All fitting into / on a Blue Force Gear TKN



ITS is a great company. They sponsor an event that I attend yearly and that's much appreciated. 


This article is great for someone like me with no background in tactical medicine and some background in emergency medical.  I have a much better idea of what to get now.  I shoot a lot.  Mostly precision rifle.  This seems like a piece of kit that should be on the range but never seems to be.  Thanks TLR.


Thanks for the link.  I needed another blowout kit, or two, or three really and this is just motivating me to stop being lazy.  I was going to say I like the design of their pouch, nice and low profile, but not quick detach.  Then I watched another video on their site, and with the "Molle stix" it can be quick detached.   I tried the non detaching IFAKs and when mounting on gear they're just unusable, especially on the back or side of a belt or side of chest rig if the other hand is disabled.  I like my ammo and tourniquets up front where they're eaisly accessible with both hands so the IFAK ends up on the sides or back.  Recently tried the "Flat IFAK" at the small of the back and like it as it can be grabbed pretty easily with either hand, and doesn't have that feeling like you have a football strapped to your back on your back when you're in vehicles.  Downfall is it doesn't look like a typical IFAK so I need to put some identifiers on it and some identifiers for the handles in case I'm out.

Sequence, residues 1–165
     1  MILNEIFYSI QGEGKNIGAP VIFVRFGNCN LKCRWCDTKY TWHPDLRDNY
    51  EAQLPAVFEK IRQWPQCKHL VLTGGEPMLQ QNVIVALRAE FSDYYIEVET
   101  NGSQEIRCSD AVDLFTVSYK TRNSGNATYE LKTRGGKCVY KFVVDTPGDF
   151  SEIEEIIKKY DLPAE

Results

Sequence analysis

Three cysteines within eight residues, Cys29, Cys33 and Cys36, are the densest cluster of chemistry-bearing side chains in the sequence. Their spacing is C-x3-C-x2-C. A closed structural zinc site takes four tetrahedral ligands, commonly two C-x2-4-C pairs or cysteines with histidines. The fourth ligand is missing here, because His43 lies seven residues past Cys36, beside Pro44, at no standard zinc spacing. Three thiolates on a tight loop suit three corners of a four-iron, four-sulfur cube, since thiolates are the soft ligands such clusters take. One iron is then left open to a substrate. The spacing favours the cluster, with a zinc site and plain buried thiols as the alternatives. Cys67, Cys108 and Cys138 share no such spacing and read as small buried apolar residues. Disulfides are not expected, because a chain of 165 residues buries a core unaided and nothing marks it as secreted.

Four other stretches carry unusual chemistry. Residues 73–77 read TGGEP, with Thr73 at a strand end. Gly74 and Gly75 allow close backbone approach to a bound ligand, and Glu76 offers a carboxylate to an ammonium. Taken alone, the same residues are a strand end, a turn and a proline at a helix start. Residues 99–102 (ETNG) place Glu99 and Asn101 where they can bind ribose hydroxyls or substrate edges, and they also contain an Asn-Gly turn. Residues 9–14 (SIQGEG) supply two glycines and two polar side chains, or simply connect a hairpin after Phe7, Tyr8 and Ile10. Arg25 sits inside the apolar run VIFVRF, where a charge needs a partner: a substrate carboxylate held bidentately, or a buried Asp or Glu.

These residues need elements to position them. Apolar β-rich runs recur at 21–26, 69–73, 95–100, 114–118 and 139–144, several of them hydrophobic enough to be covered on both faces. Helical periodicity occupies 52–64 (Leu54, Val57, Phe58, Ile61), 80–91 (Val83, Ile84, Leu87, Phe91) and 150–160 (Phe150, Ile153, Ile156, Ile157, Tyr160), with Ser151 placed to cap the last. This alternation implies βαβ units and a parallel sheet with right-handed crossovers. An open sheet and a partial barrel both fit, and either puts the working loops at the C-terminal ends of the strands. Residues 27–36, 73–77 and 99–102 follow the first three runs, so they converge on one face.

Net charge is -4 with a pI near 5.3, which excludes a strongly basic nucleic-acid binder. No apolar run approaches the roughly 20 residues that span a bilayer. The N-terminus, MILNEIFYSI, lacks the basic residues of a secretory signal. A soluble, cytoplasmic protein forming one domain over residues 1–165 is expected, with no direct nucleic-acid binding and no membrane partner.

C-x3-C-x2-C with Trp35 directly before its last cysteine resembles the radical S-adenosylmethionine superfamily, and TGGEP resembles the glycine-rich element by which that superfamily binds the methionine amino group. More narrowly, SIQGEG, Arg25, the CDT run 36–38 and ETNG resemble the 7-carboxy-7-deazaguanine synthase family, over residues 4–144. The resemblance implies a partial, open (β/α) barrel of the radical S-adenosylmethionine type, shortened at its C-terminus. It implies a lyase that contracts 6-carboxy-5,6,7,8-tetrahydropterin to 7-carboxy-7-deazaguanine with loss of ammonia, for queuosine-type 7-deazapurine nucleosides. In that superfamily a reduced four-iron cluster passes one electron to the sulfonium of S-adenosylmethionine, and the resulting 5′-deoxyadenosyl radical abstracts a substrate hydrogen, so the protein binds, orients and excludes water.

Tango9 moderator

I'm always on the hunt for good medic gear.  Thanks a ton, Uri. 


I couldn't agree more. An incredible well developed piece of gear, both from a emergency medical AND a TACMED point Of view (and they're NOT the same thing). ITS is one of my five "go-to" sites. Always practical; always informative.

FormerSFMedic moderator

The ITS kit is probably the most well thought out kit I've seen in a long time. Bryan is a great guy and he is very knowledgeable on these kinds of things. This kit has everything you need and the pouch is absolutely perfect for the task! This is definently worth the money and mandatory for anyone who shoots, climbs, hikes, or indulges in any adventure sport. Awesome kit right here!


So I've taken your regular Red Cross class for CPR, got some basic first aid there as well. Where can a regular working stiff get instruction on how to use this kit in an emergency?


Bryan and his wife are good folks. If you're in the market for various products not just from ITS, but for various items from nylon gear (Shellback Tactical for example) to ammo (Lucky Gunner is another) you can save some serious cash with a membership. Some discount codes are one time use only. Not trying to promote anything, just offering some potentially cash saving info to the SOFREP readership.